while a centralized system consolidates and displays the information
to a centralized support group within the managed services provider.
The only drawback of this solution is that every single customer
network to be monitored requires its own dedicated SNMP polling
station as depicted in Figure 3.
Although the solution is workable, it is far from scalable and
the cost of hundreds of customer monitoring stations (to fulfill
the requirements of this particular case) quickly outweighs any
potential profit in the business case for such a setup. Thus, it
is necessary to reduce the number of polling stations in the design
to attain a viable solution.
The specific SNMP monitoring product selected for this implementation
provided a portion of the solution through its basic design. This
product, known as SMARTS In-Charge, allows the running of multiple
instances of its collection engine on a single UNIX system. Each
instance requires its own virtual IP interface from which to send
and receive SNMP requests. Each virtual interface is assigned a
unique IP address, which forms the basis for routing packets despite
overlapping IP addresses. Most NMS software, including several freeware
packages, have followed this model to allow for multiple instances
of software on a single system, so the solution is reasonably software
independent, assuming this requirement is met.
Fulfilling the requirement for a virtual interface for each instance
of the NMS software is nothing new to most systems administrators.
Admins have been using virtual interfaces, or multiple IP addresses
per interface, for many years. It is a common configuration for
Web servers and shared LAN scenarios. However, simply using additional
IP addresses per physical interface would not fulfill the requirements
of this design for security. Since each customer requires complete
separation of network traffic, it is necessary to keep all traffic
segregated by customer until it reaches the NMS software on the
system. Within the UNIX system itself, customer data can be secured
by running each instance of NMS software as its own UID and by using
standard UNIX security to prevent information leaks. However, on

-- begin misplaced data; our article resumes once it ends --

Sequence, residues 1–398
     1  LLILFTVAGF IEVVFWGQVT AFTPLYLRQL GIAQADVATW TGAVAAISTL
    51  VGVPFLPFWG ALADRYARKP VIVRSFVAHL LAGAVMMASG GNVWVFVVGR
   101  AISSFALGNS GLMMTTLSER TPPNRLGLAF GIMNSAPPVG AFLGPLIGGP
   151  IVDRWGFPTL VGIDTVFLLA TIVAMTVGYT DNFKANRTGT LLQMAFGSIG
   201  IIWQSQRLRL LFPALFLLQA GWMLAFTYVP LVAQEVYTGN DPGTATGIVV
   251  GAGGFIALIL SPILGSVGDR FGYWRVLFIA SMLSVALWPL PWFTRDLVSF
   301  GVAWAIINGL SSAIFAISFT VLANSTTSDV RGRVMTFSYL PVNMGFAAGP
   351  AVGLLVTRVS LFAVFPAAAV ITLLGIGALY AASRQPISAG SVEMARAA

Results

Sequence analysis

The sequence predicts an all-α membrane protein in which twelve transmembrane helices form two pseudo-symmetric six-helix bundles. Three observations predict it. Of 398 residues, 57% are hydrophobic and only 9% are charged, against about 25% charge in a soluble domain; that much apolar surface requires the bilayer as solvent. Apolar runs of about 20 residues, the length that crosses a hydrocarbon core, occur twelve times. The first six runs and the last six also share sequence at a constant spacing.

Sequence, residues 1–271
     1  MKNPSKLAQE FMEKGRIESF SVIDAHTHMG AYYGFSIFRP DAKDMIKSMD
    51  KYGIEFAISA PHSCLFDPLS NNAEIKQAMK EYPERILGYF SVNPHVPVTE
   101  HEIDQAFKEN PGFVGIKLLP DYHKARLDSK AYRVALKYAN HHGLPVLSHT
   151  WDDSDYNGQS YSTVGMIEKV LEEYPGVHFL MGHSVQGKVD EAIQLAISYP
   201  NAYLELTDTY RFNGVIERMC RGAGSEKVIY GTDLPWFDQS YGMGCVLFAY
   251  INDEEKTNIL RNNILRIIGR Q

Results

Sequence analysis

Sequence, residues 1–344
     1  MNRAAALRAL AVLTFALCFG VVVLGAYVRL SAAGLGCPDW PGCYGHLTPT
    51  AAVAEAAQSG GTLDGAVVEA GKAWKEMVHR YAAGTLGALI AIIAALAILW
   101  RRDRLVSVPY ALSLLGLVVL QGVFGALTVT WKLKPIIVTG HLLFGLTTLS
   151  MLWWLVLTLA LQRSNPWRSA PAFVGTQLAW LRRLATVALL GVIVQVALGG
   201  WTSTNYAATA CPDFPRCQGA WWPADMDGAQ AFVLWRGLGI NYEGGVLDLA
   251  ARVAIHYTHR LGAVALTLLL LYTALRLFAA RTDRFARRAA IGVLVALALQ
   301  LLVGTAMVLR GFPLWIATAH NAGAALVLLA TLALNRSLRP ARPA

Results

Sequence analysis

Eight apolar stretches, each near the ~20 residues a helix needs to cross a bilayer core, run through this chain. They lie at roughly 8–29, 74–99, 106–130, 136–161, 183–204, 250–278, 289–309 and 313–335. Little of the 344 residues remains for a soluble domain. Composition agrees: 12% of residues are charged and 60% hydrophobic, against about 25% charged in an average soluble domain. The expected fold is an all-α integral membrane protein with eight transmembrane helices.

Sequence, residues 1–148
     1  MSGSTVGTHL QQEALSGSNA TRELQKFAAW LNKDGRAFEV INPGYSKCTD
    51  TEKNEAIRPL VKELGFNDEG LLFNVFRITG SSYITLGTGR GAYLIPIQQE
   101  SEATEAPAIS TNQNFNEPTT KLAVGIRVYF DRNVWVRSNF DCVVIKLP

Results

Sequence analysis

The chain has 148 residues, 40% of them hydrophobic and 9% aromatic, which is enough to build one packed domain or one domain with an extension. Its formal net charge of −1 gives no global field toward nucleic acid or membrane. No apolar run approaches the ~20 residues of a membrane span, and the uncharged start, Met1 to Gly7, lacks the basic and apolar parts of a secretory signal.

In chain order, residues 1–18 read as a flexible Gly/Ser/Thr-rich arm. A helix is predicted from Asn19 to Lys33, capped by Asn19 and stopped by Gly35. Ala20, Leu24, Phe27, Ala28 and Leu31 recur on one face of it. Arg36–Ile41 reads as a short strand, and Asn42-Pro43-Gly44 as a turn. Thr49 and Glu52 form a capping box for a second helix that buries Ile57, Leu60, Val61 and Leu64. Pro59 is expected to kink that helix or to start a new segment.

the network, the data cannot share a common LAN or security could
Implementing a combination of policy-based routing and Virtual
LANs (VLAN) within the network architecture (and extending this
into the polling systems by means of 802.1q-compliant network interface
cards) handles the requirement of an individual interface for each
instance of SMARTS In-Charge, while keeping customer networks completely
segregated for security reasons.
VLAN technology allows multiple Ethernet networks to be carried
across a single cable with true frame-level separation. It requires
a network interface capable of supporting the 802.1q standard as
well as connection to an 802.1q-compliant switch. Configuration
of this component of the UNIX system is described later in the article.
The result is similar to that pictured in Figure 4.
In this scenario, policy-based routing is implemented in the access
router, which allows the network architect to pre-define a set of
routing policies based on source interface or IP addresses. IP Datagrams
sent by the monitoring systems are inspected at the access router
for their source interface. Policies are defined within the router,
which correlate a source interface (from a given instance of the
NMS software) to an interface on the router that leads to a particular
customer network. Thus, two packets with identical destination IP
addresses can be routed to the proper outgoing interface based on
pre-defined parameters. Figure 5 shows the policy defined within
the access router.